I’ve had more than one of my rescue Goldens diagnosed with and treated for Lyme’s Disease which they contracted prior to coming into my care and I had to be the one to administer the treatment. All I want to say is you don’t EVER want to have to put your pets through treatment if you don’t have to. The reason, it is a LONG course of treatment and the medication can be hard on your pet’s already infected system.
I often have foster pets coming and going through Hotel Hanna and after speaking with the PetArmor™ Plus folks (because I’m a crazy, over-protective pet mama), I am sold on their credibility and am now a customer. Oakley has been wearing his PetArmor™ for over a month now and is doing great! So is my pocket since PetArmor™ costs HALF what the other name brands cost! THANK YOU, PET ARMOR ™!
Now, not everyone likes to use insecticide-type topical medications on their pets and seek more holistic alternatives. However, if you use the current leading brands, I am happy to introduce you to Pet Armor™. It is currently available at Walmart and Sams Club but check their site often for more locations coming soon.
There is a also new annual vaccine on the market for pets. Ask your vet for more information especially if your pet is exposed to naturally high tick infested areas.
As always, I would like to remind people that those ‘flea collars’ are w-o-r-t-h-l-e-s-s. The only thing they are good for is the trash. Also, the cheap dollar store topical prevention medicine you can get like at the Dollar Store – please don’t waste your money. Worthless. You can sign up on PetArmor.com website for news and valuable coupons and “LIKE” them on their Facebook page for additional savings and to help homeless pets just by liking their site.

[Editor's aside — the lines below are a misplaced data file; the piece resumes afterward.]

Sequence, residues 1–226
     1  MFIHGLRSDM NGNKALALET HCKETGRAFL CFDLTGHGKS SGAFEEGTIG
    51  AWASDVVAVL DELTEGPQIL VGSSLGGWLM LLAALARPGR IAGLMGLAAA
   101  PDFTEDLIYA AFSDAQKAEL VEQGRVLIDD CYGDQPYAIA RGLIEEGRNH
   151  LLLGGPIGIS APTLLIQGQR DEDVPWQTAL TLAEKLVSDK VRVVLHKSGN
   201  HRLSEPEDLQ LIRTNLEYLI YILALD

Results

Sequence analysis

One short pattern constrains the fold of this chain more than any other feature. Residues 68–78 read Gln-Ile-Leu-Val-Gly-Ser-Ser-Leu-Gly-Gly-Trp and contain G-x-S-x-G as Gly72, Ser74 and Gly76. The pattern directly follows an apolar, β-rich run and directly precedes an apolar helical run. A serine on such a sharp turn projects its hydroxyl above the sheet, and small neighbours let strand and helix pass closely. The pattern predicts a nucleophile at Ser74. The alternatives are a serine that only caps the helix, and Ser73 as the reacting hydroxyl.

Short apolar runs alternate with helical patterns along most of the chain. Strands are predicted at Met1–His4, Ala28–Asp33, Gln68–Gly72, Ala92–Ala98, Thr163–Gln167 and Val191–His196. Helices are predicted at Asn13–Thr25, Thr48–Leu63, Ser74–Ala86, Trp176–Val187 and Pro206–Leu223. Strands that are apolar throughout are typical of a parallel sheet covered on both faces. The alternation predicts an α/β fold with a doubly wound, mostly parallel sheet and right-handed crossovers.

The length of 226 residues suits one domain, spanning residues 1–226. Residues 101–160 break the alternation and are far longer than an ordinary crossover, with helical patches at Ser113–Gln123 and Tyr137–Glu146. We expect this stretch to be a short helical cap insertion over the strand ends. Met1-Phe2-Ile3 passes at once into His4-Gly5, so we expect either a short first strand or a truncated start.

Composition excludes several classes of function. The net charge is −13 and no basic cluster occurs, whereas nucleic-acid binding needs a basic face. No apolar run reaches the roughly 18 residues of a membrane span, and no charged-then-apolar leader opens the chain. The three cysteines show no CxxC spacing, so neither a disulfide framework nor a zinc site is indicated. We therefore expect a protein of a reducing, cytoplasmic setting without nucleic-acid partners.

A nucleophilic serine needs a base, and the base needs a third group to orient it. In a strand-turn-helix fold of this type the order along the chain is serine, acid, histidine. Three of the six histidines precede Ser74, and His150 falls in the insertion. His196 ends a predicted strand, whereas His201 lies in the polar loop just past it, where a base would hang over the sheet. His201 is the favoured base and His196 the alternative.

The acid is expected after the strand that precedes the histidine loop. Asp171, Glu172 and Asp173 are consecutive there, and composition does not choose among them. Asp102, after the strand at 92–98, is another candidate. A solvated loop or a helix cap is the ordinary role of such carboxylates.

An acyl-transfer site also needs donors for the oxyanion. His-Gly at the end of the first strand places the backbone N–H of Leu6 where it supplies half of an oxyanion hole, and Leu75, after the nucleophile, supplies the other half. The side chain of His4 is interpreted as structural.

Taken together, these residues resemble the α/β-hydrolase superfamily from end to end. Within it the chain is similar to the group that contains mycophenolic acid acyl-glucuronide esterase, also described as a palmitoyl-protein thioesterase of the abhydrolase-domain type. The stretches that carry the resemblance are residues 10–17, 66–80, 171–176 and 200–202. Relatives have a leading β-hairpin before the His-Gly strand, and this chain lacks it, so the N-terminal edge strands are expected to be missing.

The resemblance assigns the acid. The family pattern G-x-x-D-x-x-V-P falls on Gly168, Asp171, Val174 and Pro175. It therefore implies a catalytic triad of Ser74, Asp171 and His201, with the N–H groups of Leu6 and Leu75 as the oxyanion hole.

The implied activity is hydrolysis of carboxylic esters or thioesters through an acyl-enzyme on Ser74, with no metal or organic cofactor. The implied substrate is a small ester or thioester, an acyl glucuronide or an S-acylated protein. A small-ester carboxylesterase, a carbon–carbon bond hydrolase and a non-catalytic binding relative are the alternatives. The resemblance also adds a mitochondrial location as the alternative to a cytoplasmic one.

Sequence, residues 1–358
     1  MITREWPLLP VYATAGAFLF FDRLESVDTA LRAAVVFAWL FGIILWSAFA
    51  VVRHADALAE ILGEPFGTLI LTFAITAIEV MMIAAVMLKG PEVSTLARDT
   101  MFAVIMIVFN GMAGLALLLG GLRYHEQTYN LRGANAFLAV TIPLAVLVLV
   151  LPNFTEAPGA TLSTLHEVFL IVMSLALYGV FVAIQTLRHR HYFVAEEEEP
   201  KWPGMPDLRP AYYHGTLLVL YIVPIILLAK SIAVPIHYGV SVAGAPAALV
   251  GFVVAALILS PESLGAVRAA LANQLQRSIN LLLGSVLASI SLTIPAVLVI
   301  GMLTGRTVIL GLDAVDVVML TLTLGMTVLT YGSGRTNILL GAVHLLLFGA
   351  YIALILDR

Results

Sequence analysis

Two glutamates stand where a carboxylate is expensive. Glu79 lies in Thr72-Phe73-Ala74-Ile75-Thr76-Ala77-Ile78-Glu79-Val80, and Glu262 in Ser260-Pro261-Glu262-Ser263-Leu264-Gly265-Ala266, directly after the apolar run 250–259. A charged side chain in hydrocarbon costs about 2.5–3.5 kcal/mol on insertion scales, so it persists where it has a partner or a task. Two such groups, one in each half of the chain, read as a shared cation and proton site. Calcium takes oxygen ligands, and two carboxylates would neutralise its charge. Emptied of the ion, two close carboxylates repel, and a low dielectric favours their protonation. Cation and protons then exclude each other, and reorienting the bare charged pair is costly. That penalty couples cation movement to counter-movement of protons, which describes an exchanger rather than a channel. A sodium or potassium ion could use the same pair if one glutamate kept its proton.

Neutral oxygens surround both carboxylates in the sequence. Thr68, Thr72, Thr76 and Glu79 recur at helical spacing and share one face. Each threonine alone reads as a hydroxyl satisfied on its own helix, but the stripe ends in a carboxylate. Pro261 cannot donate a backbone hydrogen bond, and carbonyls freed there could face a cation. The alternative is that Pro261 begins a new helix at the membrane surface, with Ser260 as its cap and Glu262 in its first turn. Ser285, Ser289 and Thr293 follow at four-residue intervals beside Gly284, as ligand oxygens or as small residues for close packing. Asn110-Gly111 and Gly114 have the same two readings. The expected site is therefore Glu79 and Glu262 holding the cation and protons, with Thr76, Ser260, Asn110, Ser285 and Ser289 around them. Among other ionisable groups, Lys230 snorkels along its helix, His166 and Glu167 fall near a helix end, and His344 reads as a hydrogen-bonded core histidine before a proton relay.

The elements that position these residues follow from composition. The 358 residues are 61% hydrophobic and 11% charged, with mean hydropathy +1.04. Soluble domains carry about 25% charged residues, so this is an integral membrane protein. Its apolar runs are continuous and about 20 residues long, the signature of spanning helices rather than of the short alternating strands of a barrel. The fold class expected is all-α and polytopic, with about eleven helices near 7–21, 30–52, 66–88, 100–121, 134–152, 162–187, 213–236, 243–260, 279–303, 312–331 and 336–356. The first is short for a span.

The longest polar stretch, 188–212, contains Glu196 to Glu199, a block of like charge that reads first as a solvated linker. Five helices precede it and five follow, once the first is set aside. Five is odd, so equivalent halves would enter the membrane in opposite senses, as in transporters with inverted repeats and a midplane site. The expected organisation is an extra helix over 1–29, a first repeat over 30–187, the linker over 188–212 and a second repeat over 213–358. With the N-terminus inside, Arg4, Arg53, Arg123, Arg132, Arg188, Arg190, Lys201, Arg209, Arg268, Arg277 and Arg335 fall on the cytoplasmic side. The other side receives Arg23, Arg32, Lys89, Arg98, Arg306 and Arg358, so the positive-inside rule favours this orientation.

ADDITIONAL INFORMATION: Treatment for Lyme disease is very straightforward and consists of using either a tetracycline or penicillin-based antibiotic. The two most commonly used are oral doxycycline or amoxicillin. A recent study showed that both antibiotics worked equally well. The antibiotics must be given a minimum of 14 days to 30 days. In some cases, the animal may have to be on the antibiotic for much longer. Many may never completely rid themselves of B. burgdorferi despite treatment. These animals may never show any further signs of the disease. Despite the fact that some animals may develop chronic infections, the vast majority of infected dogs respond rapidly and satisfactorily to doxycycline treatment. In some animals with severe arthritis, pain relievers may also be used in addition to antibiotics. The use of steroids in this disease is definitely contraindicated.